Copyright © 2019 by the American Society of Nephrology.
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19 MeSH Terms
Automated cell boundary and 3D nuclear segmentation of cells in suspension.
Kesler B, Li G, Thiemicke A, Venkat R, Neuert G
(2019) Sci Rep 9: 10237
MeSH Terms: Algorithms, Biological Phenomena, Cell Nucleus, Computational Biology, Image Processing, Computer-Assisted, Microscopy, Optical Imaging, Single-Cell Analysis, Staining and Labeling, Suspensions
Show Abstract · Added February 5, 2020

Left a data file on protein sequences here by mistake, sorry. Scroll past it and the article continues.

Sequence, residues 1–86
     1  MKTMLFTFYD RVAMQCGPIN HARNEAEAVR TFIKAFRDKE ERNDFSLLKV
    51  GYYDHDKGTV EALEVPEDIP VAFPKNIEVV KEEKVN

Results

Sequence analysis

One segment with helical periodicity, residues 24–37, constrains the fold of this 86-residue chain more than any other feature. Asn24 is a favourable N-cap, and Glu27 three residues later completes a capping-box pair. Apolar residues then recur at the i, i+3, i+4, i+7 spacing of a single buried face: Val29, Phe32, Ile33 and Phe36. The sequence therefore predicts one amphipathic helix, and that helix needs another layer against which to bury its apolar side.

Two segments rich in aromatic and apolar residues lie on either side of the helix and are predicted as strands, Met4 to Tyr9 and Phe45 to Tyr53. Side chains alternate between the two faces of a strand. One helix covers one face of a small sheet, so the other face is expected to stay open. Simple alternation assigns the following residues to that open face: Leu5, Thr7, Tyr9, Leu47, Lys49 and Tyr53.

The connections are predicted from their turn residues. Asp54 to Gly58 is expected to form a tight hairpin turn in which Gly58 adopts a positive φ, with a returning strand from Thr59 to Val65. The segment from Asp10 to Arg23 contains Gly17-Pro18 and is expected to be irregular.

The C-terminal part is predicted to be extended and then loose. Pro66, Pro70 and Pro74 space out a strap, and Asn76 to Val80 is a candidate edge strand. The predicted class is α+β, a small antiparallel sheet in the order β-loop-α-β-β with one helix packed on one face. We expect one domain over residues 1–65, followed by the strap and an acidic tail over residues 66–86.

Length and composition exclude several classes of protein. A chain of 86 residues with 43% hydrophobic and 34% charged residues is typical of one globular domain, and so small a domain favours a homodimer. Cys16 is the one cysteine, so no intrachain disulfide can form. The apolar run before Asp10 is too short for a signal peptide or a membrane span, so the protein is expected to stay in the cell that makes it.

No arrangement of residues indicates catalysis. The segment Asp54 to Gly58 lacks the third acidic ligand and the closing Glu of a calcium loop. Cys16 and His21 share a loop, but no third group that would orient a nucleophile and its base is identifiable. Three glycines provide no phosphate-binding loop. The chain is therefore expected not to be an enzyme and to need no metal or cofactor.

To characterize cell types, cellular functions and intracellular processes, an understanding of the differences between individual cells is required. Although microscopy approaches have made tremendous progress in imaging cells in different contexts, the analysis of these imaging data sets is a long-standing, unsolved problem. The few robust cell segmentation approaches that exist often rely on multiple cellular markers and complex time-consuming image analysis. Recently developed deep learning approaches can address some of these challenges, but they require tremendous amounts of data and well-curated reference data sets for algorithm training. We propose an alternative experimental and computational approach, called CellDissect, in which we first optimize specimen preparation and data acquisition prior to image processing to generate high quality images that are easier to analyze computationally. By focusing on fixed suspension and dissociated adherent cells, CellDissect relies only on widefield images to identify cell boundaries and nuclear staining to automatically segment cells in two dimensions and nuclei in three dimensions. This segmentation can be performed on a desktop computer or a computing cluster for higher throughput. We compare and evaluate the accuracy of different nuclear segmentation approaches against manual expert cell segmentation for different cell lines acquired with different imaging modalities.